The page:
I’m not sure how it could be defined as a right. We stand guilty before the Judge of the universe, and are fully at His mercy.
        But if in our court, it would always be refused for the reasons above. Thankfully, in His court He has given His grace according to His will. And if He has the right to show mercy to none, then He has the right to show it to some. He is sovereign.
        “This by no means constitutes universalism.”
        Well, that term can refer to universal salvation, which that may not directly constitute. But it can also refer to universal atonement, which you seem to be espousing. And some would say that if Christ paid for everyone’s sins, then all are saved. If He atoned for them, then I would think they are atoned for, no matter what a person chooses. There are many such problems with this line of reasoning.
        Thanks for stopping by,

  2. Bob Brewster Says:

    You say “Calvinists like me believe “ . I am a Christian and I believe God’s Sovereignty is broad enough to allow man to have and to act on a will of his own. Granted this will of man is limited by the inability to create. We are creations for God. He has given us the ability to chose Him are not. This is the Love that is demonstrated in John 3:16.
    Mark 12
    29And Jesus answered him, The first of all the commandments is, Hear, O Israel; The Lord our God is one Lord:
     30And thou shalt love the Lord thy God with all thy heart, and with all thy soul, and with all thy mind, and with all thy strength: this is the first commandment.
     31And the second is like, namely this, Thou shalt love thy neighbour as thyself. There is none other commandment greater than these.
    Here Jesus is calling on the created man to act on his own will, the will that God created him with, to first love God and then love his neighbor.
    To me the whole of scripture is to lead the sheep into the L0ve of The Great Shepherd by bending the will of man.
    Hebrews 1
     1God, who at sundry times and in divers manners spake in time past unto the fathers by the prophets,
     2Hath in these last days spoken unto us by his Son, whom he hath appointed heir of all things, by whom also he made the worlds;
     3Who being the brightness of his glory, and the express image of his person, and upholding all things by the word of his power, when he had by himself purged our sins, sat down on the right hand of the Majesty on high:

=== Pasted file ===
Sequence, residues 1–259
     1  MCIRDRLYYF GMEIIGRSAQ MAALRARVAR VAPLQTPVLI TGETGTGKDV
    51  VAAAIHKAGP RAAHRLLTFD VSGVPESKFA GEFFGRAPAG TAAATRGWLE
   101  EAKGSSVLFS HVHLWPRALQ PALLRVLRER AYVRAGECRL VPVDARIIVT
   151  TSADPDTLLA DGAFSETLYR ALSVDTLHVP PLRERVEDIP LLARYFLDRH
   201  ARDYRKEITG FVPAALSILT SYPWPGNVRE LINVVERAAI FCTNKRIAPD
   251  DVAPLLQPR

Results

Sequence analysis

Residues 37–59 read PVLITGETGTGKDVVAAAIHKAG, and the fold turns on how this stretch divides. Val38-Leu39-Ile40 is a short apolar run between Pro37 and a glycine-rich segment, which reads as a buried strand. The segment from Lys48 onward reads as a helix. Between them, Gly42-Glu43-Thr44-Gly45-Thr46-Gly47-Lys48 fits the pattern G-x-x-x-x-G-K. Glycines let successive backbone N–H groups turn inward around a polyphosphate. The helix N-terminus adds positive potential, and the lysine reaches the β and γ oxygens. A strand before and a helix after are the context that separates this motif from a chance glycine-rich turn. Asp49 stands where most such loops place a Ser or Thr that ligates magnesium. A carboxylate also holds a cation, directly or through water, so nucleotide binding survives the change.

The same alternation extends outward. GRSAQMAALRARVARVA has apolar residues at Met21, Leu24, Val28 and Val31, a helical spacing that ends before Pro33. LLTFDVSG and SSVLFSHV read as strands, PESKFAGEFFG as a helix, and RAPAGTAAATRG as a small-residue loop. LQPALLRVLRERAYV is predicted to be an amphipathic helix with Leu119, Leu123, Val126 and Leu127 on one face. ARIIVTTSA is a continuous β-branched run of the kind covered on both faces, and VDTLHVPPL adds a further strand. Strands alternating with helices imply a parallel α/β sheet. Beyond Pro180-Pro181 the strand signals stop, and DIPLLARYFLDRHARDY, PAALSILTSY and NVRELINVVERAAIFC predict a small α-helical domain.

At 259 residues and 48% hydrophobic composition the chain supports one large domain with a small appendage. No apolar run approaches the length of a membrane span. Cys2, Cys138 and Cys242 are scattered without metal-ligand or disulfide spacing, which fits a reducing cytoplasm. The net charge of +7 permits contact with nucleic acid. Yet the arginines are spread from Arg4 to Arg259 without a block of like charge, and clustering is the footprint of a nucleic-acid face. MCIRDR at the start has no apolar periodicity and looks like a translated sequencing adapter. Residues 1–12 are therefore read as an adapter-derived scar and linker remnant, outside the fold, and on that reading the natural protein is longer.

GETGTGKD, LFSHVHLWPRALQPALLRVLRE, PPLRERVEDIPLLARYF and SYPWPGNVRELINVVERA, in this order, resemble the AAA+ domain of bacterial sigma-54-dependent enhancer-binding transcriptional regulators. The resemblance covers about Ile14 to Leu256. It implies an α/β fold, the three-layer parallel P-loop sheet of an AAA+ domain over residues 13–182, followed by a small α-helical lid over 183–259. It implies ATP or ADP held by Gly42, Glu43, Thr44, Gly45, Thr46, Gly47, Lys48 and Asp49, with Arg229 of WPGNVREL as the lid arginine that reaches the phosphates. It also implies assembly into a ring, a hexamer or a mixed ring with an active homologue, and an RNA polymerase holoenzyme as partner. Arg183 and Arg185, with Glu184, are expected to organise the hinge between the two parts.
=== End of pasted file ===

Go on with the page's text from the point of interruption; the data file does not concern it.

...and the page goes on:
Jesus is the true reformer, not John Calvin or Martin Luther or who ever,
    Supralapsarianism, sublapsarianism and infralapsarianism are terms which indicate that we are in over our heads. To base a soteriology upon a system that presupposes what God was or what He was thinking before the foundation of the world, not only relegates God’s love to a misplaced grandeur of man’s imagination but violates the idea of a simple gospel. The Gospel is not only confused but is greatly damaged by such arrogant strides into philosophy and away from The Word of God.

    • strangebaptistfire Says:

      I’m a Christian too. I think you minsunderstand my intent in the four words you quoted at the start. You showed (and continue to show) a misunderstanding of Calvinism, which you (not I) named in your comment. So I wanted to clarify what they actually believe and identify myself as someone who has some familiarity with it.
      I’m not sure how your comments and scripture quotes here add to what we were discussing before.
      For one, it would seem contradictory to state that God’s sovereignty is demonstrated in the alleged surrender of that sovereignty to men. Again, men do have wills of their own, and these are always opposed to God, changed only by His own sovereign grace. John 3:16 in no way speaks to man’s abiliity. It says that He sent His son to save believers, i.e. whoever believes in Him = believers. That is, if you simply read what is written and don’t read into or overcomplicate it, which you appear to warn against.
      You mention the will God created man with; before Adam’s sin, that would be accurate. That is not applicable to his fallen posterity.
      You mention “bending” the will of man; I mention the need to change it. Is there a difference? Perhaps you think it only needs some persuasion, a little prodding; I say it needs transformation, a complete overhaul. Otherwise I’m not sure what our difference is.
      In terms of what the reformers accomplished, I wouldn’t say Jesus was the true reformer; He was the “Former” – He made the church and determined what it should be. The “re”formers, such as Luther and Calvin, were known as such because they merely sought to return the church to what it had been. They weren’t seeking to innovate, but to restore.
      Most are fine not contemplating infralapsarianism and such, and I haven’t here (so I’m not sure why you mention it), but neither would I criticize any who have humbly and biblically sought to have a greater understanding of their Lord, and deduced appropriate things from His revealed Word.
      I’m not sure what you find to be arrogant here. I would contend that one can and should use the mental facilities God has given to delve deeply into His word. Calvinism is anything but worldly philosophy; the libertarian free will and related system you espouse is much more closely influenced by that. Members of both the Calvinist and Wesleyan persuasions act inappropriately at times, to be sure. But as a way of understanding mankind and our estate, it would be Calvinism that tends toward humility and simplicity of interpretation; as we recognize our utter helplessness and inability except for His regenerating grace, and rely fully on His word for revelation, not the imaginations of men.